Which Index for You?
The key word in this title is YOU. What business are you in – the business of breeding and marketing of breeding stock or the business of milk production? After you make that important first decision, you are in a position to decide on which total merit index you should use.
It is important to think in terms of what you want your herd to be genetically in the future when selecting a total merit index to use. Traits beyond production and type are becoming more important to breeders. The following ICAR published table shows the relative trait emphasis for seven leading total merit indexes and the average for all total merit indexes from seventeen countries.
Relative Trait Emphasis in Total Merit Indexes*
Trait 17 Countries TPI(USA) NM$(USA) LPI(CAN) RZG(GER) BW(NZ) TMI(Nordic) NVI(NLD)
Protein Yield 31% 27% 16% 31% 36% 40% 21% 14%
Fat Yield 12% 16% 19% 20% 9% 12% 5% 9%
Milk Yield -5% 0% 0% 0% 0% -15% -5% -3%
Type 17% 29% 17% 27% 15% 0% 11% 28%
Longevity 11% 9% 22% 7% 20% 6% 5% 11%
Udder Health 8% 5% 10% 5% 7% 7% 17% 14%
Fertility 11% 11% 11% 10% 10% 8% 13% 14%
Other(Management) 5% 3% 5% 0% 3% 13% 19% 5%
* Reported by J Chesnais & Associates at 2012 ICAR Meeting (Ireland)
As you develop your breeding and business plans for the future, the following points may be useful to consider:
- If you do not sell animals for breeding purposes, having type at a high weighting in your total index may not be your best business decision. NM$ may be a better index for you.
- In ten years will you be a breeder or a milk producer? Choose either the breeder index (i.e. TPI or LPI) or the milk producer index (i.e. NM$).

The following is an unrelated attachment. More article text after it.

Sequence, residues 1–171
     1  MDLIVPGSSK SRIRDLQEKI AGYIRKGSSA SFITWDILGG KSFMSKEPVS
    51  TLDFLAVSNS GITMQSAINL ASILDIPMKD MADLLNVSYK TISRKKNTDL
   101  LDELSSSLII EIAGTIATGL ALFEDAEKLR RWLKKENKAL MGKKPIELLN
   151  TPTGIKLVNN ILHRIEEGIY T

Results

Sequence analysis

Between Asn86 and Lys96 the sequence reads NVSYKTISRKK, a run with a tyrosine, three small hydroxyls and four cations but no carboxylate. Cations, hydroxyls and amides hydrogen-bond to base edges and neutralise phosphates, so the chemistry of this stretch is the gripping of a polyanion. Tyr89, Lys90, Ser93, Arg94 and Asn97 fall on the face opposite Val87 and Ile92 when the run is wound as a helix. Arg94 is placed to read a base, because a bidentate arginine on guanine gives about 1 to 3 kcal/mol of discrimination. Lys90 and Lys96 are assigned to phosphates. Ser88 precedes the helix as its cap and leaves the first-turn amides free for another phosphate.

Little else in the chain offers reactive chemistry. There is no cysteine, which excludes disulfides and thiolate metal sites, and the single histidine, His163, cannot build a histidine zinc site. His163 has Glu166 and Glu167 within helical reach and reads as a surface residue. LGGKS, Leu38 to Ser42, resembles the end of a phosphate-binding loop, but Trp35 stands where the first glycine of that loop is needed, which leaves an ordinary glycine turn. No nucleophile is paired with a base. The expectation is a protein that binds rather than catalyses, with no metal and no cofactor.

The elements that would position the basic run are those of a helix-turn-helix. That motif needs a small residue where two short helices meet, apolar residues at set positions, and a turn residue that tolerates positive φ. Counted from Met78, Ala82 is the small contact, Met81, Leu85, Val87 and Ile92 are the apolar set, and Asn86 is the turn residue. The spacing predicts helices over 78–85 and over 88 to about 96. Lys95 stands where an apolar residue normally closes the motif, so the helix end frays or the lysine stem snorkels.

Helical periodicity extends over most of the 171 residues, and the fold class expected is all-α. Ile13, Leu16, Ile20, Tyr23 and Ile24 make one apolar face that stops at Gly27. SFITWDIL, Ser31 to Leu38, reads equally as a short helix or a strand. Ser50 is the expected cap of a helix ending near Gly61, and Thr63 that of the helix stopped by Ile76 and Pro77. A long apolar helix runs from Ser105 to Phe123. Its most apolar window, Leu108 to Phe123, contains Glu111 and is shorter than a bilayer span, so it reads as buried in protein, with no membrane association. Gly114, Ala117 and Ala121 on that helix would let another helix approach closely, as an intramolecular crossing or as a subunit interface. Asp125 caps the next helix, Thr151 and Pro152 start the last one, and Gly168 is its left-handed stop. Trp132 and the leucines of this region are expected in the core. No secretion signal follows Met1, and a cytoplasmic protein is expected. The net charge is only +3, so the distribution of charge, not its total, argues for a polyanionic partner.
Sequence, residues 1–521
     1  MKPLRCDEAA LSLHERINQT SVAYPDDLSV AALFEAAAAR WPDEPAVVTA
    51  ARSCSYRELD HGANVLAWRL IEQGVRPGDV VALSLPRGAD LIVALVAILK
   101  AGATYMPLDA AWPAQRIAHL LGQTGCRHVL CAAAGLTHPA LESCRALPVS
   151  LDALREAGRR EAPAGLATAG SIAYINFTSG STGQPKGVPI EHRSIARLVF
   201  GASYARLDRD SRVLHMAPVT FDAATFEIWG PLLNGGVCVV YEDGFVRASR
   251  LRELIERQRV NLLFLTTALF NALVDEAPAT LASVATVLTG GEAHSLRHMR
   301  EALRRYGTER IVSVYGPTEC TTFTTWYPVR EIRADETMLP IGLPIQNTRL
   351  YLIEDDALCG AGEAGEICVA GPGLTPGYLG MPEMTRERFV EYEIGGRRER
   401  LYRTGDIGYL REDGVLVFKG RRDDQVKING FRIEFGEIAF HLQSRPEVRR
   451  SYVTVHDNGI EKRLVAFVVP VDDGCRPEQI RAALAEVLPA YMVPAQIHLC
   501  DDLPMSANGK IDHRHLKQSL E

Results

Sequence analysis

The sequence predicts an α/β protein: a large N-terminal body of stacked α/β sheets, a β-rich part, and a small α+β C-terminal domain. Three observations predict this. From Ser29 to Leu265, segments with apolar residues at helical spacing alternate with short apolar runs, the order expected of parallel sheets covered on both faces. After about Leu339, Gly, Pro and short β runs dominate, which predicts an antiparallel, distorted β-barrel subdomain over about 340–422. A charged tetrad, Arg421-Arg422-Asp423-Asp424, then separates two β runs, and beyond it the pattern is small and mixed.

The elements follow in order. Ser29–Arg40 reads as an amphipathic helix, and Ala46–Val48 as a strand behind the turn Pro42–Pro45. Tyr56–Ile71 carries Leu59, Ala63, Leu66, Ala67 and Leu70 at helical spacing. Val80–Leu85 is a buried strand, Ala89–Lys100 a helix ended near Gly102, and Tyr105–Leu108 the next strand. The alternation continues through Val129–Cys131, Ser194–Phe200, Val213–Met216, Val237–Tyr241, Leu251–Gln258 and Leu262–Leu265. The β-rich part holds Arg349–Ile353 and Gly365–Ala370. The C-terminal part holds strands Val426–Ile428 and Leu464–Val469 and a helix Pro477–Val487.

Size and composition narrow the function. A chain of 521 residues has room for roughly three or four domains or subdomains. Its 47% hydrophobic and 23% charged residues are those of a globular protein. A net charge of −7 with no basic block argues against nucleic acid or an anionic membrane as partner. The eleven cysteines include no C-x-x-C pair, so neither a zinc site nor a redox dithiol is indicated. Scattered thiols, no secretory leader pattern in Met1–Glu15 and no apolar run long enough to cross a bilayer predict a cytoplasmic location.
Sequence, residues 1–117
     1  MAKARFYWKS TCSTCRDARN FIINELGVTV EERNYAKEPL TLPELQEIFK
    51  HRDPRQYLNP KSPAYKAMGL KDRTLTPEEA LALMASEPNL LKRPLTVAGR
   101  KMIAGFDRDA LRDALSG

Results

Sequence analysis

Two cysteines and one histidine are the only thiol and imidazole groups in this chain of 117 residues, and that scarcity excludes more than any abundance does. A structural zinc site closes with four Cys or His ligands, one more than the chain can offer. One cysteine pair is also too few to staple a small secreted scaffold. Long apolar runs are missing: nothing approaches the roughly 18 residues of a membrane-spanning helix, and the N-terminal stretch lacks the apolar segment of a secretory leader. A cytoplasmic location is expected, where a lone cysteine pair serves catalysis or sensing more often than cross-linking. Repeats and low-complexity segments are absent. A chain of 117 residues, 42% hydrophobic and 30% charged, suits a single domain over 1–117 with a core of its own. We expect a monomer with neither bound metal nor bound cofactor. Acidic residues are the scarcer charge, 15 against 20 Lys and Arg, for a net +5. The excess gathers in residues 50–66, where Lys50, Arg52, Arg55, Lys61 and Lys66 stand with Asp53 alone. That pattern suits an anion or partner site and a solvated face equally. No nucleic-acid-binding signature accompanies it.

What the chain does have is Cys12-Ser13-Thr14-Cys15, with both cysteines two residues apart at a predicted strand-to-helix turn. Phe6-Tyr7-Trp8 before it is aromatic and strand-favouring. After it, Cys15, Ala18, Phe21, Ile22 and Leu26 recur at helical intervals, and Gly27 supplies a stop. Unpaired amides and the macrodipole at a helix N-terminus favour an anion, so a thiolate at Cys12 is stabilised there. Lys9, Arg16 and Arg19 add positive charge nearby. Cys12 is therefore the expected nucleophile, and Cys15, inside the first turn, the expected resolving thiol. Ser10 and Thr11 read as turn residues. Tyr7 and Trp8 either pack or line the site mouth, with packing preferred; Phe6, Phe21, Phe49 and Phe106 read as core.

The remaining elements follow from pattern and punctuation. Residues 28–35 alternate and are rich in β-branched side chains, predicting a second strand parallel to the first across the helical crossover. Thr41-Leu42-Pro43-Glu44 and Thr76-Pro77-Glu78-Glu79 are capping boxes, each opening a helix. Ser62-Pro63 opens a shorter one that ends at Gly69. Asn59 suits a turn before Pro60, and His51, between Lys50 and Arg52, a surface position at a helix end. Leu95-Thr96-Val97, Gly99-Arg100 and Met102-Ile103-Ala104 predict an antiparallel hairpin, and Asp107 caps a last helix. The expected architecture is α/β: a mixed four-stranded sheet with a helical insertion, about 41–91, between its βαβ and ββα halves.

- If you do not show cattle or sell cattle to showmen, then PL (Productive Life) or HL (Herd Life) rather than PTAT or CONF should be an important part of your total merit index.
- Including and giving significant weighting to traits such as fertility, longevity, calving ability, milking speed and mastitis resistance in the total merit indexes will be the way of the future for breeders focused on milk production.
The Bullvine Bottom Line
Total merit indexes are designed to rank animals according a set formula. After sorting out the top bulls on a total merit basis, breeders should use corrective mating to match the bulls with the cows in their herd. Not using genetic indexes denies you the opportunity to make significant advancements both genetically and from a profit perspective. Are total merit indexes helping or hurting breeders? It depends on knowing your genetic needs and using the index that focuses attention on your most important traits. No total merit index will best serve all breeders. Use the index that suits your plans (Read more:Fact vs. Fantasy: A Realistic Approach to Sire Selection, What’s the plan? and Genomics at Work – August 2013)
Not sure what all this hype about genomics is all about?
Want to learn what it is and what it means to your breeding program?